Issue. DC: United States Institute of Peace Press. Interdisciplines.” in Scott Atran. . if not certain. however. Mark Juergensmeyer. 8. Hent De Vries.”. “The war against Islamic militants”. 6 July 2003. the primary source of the human capacity for violence appears to be the frustration-aggression mechanism. 2000). CA: University of California Press. Washington. a project of CNRS. 5. Why Men Rebel. The frustration-aggression mechanism is in this sense analogous to the law of gravity: men who are frustrated have an innate disposition to do violence to its source in proportion to the intensity of their frustrations. to occur.interdisciplines. aggression is quite likely. irrespective of its instrumentalities. Ted Gurr. 7 October 2002. 6. Frustration does not necessarily lead to violence. 4.10. “A fundamental difference. Vol.. Terror in the Mind of God: The Global Rise of Religious Violence. (Berkeley. (Princeton. and violence for some men is motivated by expectations of gain. People Vs States: Minorities at Risk in the New Century (Washington. available at <http://www. Genesis and Future of Suicide Terrorism.NOTES AND REFERENCES 1. To conclude that the relationship is not relevant to individual or collective violence is akin to the assertion that the law of gravitation is irrelevant to the theory of flight because not everything that goes up falls back to earth in accord with the basic gravitational principle. Ibid. (Johns Hopkins University Press. explains: “In summary. Daniel Pipes. 2001). Ian Pitchford.36-37. pp. NJ: Princeton University Press. Paris. 3. p.58. 2002). for example. 37. 2000.>. Ted Gurr. Human Events. If frustrations are sufficiently prolonged or sharply felt. Gurr. Religion and Violence. The anger induced by frustration.. ibid. 1970). is a motivating force that disposes men to aggression. 7.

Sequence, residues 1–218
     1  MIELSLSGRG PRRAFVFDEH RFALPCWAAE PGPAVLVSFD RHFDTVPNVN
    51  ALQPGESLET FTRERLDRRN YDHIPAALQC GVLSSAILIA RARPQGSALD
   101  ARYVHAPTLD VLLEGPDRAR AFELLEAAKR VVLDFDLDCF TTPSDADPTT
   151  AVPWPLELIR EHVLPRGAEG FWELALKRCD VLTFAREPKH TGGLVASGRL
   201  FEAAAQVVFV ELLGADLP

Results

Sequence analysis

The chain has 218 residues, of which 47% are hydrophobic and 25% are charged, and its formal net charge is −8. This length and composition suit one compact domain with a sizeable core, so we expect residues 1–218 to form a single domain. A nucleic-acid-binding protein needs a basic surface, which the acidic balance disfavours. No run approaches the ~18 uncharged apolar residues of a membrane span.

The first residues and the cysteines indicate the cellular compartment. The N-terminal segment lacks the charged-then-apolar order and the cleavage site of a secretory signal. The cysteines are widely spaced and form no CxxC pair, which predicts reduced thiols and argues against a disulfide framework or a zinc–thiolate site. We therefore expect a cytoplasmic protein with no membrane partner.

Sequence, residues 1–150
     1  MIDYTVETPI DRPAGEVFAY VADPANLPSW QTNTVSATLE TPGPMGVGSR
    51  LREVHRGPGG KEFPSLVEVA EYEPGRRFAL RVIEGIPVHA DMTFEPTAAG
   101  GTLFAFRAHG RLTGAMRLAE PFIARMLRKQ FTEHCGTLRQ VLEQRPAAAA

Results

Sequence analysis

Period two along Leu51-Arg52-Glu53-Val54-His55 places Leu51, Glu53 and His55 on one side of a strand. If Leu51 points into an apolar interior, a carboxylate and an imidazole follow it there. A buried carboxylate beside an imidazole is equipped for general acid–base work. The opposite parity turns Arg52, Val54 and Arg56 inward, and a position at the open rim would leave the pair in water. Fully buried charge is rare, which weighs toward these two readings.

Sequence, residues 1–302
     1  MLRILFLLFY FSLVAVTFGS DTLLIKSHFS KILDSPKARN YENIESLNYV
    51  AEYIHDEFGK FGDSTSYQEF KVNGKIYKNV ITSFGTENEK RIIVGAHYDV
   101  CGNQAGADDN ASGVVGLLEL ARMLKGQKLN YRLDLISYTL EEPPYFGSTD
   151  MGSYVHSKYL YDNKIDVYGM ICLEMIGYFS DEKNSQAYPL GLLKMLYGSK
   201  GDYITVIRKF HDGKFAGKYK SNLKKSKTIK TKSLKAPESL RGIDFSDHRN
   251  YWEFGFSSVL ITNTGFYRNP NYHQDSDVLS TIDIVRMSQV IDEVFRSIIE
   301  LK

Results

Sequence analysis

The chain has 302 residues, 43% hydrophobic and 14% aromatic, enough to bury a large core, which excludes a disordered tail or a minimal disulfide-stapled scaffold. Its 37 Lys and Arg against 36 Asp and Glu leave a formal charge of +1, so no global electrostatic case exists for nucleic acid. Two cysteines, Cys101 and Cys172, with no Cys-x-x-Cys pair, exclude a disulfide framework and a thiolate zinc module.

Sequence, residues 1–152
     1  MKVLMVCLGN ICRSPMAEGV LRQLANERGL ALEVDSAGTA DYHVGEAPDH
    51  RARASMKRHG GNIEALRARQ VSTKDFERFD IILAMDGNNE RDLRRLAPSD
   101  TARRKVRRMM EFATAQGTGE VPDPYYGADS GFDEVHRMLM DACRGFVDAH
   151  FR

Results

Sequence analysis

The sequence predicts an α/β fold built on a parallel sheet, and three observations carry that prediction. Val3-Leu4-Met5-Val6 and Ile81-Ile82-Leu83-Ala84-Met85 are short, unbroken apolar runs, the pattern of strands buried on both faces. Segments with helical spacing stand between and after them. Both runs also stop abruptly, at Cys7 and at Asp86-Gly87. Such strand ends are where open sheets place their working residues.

” said Commission Chair Michael Cromartie. 1-3. 10. Research Programmes and Senior Research Fellow at Centre for Transnational Crime Prevention (CTCP) at the University of Wollongong. Auckland. Australia. 18.pdf>. “Passage of this amendment would jeopardize the rights of all Sri Lankan citizens as outlined in the Universal Declaration of Human Rights and the International Covenant on Civil and Political Rights. This has created a lot of problems for people belonging to minority sects interpreting the holy Quran according to their sect. Himalayan Research Bulletin. 15. Ibid. 19 July 2008. Nos.html>.net. available at <waikato. “Terrorism is a Product of Strategic Choices and Psychological Forces. Queenstown. The status of the Nepali constitution is currently uncertain. 1991. 11. “Religious Fundamentalism and Extremism: A Paradigm Analysis.” SOF conference. CA: University of California Press. with no permanent constitution. Adam Dolnik. is presently governed by an interim constitution that came into effect 15 January 2007. 12.wellington. Douglas Pratt. Religious Nationalism: Hindus and Muslims in India ( New Zealand. 13. <http://encarta.” New Zealand Association for the Study of Religions-Biennial Conference.pdf>. Douglas Pratt. The same amendment was proposed last year and found to be unconstitutional by Sri Lanka’s Supreme Court.” Prof. XI.9.researchgateway. See Peter van der Veer. Director. “Contemporary Christian Extremism: Fundamentalism. It replaces previous constitution of the Kingdom of Nepal 1990. 16. 14. Extreme Religion and the Threat of Terror. . available at <sof. 1994). 6-8 June 2007. Of particular concern are other articles in the amendment that would violate the internationally guaranteed rights of minority religious groups.

19. Ibid.” <www. 1-3 November 2002. 1998). 27.state.. Ravi Nair. Geneva. . Arundhati Roy. New Delhi. Admiral L.htm >.htm>. reports/ rc/sa/nov2002/SAS_ramdas. Sugata Bose and Ayesha Jalal. Ghanshyam Shah.stm>. paper presented at Pugwash Workshop on South Asian Security.satp. Mark Tully. 3133273.Speaking at a session on “What do we know about why do people become terrorists?” organized by the Pakistan Institute for Peace Studies (PIPS) on 15 January 2009.. Ramdas. Political Economy (London: Routledge. available at <http://www. “Religious Radicalism and State Policies of Democratic Governance and Human Rights. 118-141. “Hindu nation: What role for religion?” BBC>. 20. 28 April 2002. < <http://www. Paul Brass and Achin Vanaik (Hyderabad. “Impact of Religious Extremism on Security of South Asia”.pdf>.pugwash. 24. 2002) 11 August 2003. 22. 23. Reconversion and the State: Recent Events in the Dangs. pp. 21. “Conversion. 25. Switzerland. India: Emerging Power (Delhi: Oxford University Stephen P. 26.” in Competing Nationalisms in South Asia. Cohen./ReligiousRadicalism/ PagesfromReligiousRadicalismandSecurityinSouthAsiach15. x. 28. 2002). Modern South Asia: History. India: Orient Longman. available at <http://news.227. “Democracy: Who Is She When She’s at Home?” Outlook (Weekly).